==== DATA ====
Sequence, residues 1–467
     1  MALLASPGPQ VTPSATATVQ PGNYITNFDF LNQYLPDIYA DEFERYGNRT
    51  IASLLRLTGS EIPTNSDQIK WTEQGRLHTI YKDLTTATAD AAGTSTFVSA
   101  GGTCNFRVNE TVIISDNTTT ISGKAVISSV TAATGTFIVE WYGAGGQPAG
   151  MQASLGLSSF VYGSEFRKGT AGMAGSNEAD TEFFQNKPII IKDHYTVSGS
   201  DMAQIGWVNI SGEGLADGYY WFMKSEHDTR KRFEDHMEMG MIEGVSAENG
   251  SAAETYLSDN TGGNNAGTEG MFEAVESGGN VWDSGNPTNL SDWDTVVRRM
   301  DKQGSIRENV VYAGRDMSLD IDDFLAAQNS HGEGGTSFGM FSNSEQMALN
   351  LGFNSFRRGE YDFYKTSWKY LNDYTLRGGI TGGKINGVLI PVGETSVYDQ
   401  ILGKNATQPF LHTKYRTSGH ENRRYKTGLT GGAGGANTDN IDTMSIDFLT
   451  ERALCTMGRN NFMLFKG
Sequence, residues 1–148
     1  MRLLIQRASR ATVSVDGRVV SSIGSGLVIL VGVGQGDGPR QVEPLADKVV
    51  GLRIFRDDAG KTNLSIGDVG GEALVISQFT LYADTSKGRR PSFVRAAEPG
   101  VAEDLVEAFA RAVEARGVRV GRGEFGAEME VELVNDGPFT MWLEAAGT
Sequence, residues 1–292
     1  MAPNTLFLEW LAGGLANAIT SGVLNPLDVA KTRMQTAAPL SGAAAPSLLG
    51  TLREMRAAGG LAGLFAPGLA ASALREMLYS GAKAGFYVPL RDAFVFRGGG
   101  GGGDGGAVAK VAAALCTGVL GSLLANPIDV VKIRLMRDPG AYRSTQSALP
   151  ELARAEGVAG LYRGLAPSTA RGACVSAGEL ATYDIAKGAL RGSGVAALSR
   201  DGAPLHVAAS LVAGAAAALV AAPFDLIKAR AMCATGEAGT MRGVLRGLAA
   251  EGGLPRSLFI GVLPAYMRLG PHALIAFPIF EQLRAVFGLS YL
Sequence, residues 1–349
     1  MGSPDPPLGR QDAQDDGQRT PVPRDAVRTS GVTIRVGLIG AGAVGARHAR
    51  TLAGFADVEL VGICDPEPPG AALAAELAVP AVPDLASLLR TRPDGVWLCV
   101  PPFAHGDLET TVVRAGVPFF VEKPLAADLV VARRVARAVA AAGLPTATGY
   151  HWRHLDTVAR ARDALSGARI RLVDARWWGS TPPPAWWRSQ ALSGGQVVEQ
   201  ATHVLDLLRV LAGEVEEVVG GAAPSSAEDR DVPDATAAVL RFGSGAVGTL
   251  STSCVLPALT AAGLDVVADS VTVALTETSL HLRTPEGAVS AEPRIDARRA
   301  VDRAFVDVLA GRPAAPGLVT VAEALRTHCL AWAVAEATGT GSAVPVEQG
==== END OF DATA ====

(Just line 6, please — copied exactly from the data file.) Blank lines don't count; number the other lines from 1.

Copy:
   201  DMAQIGWVNI SGEGLADGYY WFMKSEHDTR KRFEDHMEMG MIEGVSAENG